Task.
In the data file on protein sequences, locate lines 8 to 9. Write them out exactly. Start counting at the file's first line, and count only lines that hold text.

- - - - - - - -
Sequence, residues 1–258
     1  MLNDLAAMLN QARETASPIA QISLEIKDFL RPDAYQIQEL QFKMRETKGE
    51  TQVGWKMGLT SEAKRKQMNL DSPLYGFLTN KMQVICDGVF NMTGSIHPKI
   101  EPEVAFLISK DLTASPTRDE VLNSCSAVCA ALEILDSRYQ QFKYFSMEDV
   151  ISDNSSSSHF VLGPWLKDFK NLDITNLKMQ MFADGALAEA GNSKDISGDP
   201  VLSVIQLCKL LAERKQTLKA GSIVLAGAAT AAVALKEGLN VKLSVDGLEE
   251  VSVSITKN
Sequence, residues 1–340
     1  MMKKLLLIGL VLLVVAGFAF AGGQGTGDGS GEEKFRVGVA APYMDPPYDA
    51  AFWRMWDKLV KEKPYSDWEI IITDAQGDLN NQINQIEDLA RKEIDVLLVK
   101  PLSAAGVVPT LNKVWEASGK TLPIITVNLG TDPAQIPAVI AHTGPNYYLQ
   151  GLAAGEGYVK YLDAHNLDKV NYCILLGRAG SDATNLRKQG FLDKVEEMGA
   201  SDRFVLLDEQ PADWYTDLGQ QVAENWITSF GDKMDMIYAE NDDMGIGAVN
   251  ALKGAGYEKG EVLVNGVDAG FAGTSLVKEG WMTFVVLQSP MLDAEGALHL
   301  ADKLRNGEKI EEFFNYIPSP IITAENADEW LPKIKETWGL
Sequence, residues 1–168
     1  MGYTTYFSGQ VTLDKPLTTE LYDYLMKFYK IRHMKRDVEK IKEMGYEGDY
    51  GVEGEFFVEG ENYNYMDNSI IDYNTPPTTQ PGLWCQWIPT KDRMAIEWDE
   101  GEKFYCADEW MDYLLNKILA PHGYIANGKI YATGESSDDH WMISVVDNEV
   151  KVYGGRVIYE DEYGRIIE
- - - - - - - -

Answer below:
Sequence, residues 1–340
     1  MMKKLLLIGL VLLVVAGFAF AGGQGTGDGS GEEKFRVGVA APYMDPPYDA